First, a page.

There’s no better time than now to stop and smell the flowers in the Stanley Park Rose Garden .
For the next few weeks, into July, the roses are hitting their peak. Many are so pungent you can smell clouds of scent just by walking by the garden on Pipeline Road next to the park entrance.
But you get the best, most concentrated scents by getting personal and sticking your nose into a flower. If you do, make sure you respect the roses by smelling from the edge of the beds.
Pink Beverly roses are just beginning to bloom. Each flower has an amazingly full-bodied citrusy fragrance. Nearby on the north side of the upper garden is the super pink rose called Sweet Fragrance that more than lives up to its name.
Julia Child is one of the varieties in both the upper and lower sections. Named after the American chef, the yellow rose has an unforgettable anise scent that smells good enough to eat.
Roses tend to be more fragrant in the morning, says one rose expert, when the oils in their petals are the most aromatic.
This year, the rose garden celebrates a milestone: it’s 100 years since the first roses bloomed in an official garden in Stanley Park.
The rose garden is one of the park’s popular attractions said Janice Bishop, superintendent of horticulture and destination parks for the Vancouver park board. She described it as a destination in its own right that people seek out in the park.
“When (people) see a rose, they’re drawn to it,” she said.
“The first thing they do is lean down to smell it. We want to reward everybody and make sure they have a great experience and have a fragrant rose to smell.”
Bishop says the two levels of rose garden have about 60 beds with an estimated 3,500 roses planted on a slope facing west.
The rose garden was started in 1920 with a $3,600 donation from the Kiwanis Club, an international men’s service club. Known originally as the Kiwanis Rose Garden, it was intended to “demonstrate the possibilities of rose culture in Vancouver.” The idea was to turn the city into a centre of roses on the west coast to rival Portland, Oregon.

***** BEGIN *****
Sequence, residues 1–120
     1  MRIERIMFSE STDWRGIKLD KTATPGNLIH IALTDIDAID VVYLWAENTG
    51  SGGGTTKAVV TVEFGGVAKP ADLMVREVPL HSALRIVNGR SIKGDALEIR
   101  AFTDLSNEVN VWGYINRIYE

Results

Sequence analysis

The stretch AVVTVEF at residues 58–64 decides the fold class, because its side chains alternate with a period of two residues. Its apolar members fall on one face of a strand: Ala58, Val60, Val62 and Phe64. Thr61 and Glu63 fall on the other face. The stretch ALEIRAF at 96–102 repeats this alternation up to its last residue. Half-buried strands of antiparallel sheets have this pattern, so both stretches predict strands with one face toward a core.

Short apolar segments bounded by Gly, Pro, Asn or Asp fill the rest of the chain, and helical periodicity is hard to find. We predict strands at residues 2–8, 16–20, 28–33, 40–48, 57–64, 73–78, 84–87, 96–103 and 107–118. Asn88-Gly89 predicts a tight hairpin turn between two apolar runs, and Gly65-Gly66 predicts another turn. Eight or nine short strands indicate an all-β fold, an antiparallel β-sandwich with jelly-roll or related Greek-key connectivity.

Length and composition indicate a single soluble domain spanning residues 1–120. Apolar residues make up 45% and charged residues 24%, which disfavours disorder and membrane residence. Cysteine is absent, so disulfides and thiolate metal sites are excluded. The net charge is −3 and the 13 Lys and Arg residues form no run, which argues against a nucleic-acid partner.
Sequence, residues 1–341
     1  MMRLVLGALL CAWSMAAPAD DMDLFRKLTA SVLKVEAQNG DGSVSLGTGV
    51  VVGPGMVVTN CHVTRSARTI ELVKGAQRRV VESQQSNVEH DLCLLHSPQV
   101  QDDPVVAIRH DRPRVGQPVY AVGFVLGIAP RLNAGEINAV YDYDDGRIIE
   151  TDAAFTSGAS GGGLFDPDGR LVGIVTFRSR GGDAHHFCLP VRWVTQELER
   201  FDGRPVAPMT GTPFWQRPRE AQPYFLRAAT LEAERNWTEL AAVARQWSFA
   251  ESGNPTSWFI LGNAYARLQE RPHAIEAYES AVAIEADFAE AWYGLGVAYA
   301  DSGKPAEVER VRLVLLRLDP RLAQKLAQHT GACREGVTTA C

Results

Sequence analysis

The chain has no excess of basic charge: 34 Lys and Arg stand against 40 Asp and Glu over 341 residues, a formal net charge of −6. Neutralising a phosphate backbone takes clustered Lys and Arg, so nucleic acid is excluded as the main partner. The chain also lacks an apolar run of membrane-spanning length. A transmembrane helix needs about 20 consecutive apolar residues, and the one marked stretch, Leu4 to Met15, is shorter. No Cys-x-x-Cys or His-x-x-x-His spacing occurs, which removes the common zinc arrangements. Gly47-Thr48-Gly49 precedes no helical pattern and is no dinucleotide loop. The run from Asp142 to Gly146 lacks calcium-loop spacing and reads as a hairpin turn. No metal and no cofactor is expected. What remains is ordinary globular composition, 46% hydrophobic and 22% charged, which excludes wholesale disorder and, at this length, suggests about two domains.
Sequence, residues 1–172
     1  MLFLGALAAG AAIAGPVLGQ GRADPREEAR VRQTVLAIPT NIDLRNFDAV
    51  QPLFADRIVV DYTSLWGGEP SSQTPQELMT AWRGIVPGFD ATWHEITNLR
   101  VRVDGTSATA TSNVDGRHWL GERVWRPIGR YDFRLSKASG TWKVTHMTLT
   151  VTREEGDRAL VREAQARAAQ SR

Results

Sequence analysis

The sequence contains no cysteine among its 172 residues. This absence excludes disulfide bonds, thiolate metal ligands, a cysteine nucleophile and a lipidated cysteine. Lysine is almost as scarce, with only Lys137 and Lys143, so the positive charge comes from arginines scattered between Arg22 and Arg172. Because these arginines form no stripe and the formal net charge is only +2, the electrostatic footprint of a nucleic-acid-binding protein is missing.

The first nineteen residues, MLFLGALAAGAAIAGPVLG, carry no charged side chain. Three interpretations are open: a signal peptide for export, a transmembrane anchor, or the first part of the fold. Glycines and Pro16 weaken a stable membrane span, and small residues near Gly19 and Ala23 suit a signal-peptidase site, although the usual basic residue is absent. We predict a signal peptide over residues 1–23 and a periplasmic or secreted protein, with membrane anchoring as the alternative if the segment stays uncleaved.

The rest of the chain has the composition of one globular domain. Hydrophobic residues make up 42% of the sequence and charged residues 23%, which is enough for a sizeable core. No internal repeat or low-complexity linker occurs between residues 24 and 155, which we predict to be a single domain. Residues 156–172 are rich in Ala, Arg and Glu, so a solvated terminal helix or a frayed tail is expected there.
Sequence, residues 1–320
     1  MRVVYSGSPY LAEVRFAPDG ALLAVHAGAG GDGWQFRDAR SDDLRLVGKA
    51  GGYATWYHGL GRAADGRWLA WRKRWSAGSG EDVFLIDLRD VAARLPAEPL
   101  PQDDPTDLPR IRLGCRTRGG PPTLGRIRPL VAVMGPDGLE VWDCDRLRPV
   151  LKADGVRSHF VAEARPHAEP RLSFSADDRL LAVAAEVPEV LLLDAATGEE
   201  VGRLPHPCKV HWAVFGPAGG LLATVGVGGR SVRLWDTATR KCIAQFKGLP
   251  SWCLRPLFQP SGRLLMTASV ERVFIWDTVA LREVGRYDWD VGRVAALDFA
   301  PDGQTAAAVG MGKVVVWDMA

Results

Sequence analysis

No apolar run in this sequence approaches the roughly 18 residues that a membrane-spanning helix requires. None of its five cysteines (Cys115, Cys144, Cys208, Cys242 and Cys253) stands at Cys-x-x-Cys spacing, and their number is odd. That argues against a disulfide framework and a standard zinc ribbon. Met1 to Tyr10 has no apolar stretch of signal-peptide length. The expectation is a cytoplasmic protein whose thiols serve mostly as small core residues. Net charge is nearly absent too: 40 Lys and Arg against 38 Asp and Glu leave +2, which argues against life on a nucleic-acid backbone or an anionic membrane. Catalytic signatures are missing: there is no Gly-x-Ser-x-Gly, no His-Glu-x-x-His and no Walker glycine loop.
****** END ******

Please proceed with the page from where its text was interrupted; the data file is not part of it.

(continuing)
The upper garden hasn’t changed much from its original formal geometric and axial design of rose beds around a central bed, according to National Historic Sites of Canada .
The lower garden was added when the former city nursery moved to East Vancouver. The Pioneers’ Association was responsible for the arbour and its climbing roses in 1993.
The first roses planted a century ago would have been much different than the ones in the garden today. They were much fussier and required endless spraying and gardening. Contemporary rose varieties are hardier and chosen to grow best in our temperate climate, said Brad Jalbert, the founder, owner and hybridizer at Select Roses in Langley.
Earlier this century, after the park board moved to integrated pest management, a more ecological approach to controlling pests and diseases, plants were no longer sprayed with insecticides and pesticides. As a result, the rose garden fell into decline.
The main problem was the older varieties of roses which needed protection against diseases such as black spot and mildew hadn’t been replaced with hardier varieties.
Jalbert worked with former park board gardener Rick Harrison to bring back the rose garden to its former glory. Every year, they were allocated a budget to replace several beds and replace old style roses with healthier contemporary varieties.
“There are always some people want who hate roses because they associate them with diseases,” he said. “It’s just that people haven’t been acquainted with roses of 2020.”
The goal was to replace the old style roses in the garden with new colourful and fragrant cultivars. They also choose a range of shapes and sizes of flowers including pollinator-friendly roses and long-stem cutting roses.
“The garden has roses that win awards all around the world,” he said.
Roses are fertilized three times a year with organic fertilizer and deadheaded — the spent flowers removed. If necessary, they’re treated with non-toxic insecticidal soap for aphids.
Jalbert said as a public rose garden in Metro Vancouver, there is nothing to compare to the Stanley Park Rose Garden.
“For the quantity and variety and selection, it’s the best,” Jalbert said.
Plus, the rose garden is in a unique setting by Stanley Park’s urban forest.
“Isn’t it beautiful?” he said. “I have seen rose gardens all over the world and I think they have one of the prettiest settings”
He said the arbour is particularly spectacular when it’s covered in blooming roses.
“Whenever a public garden goes in anywhere in the world, the most visited part is the rose garden,” he said. “That’s where the public wants to go.”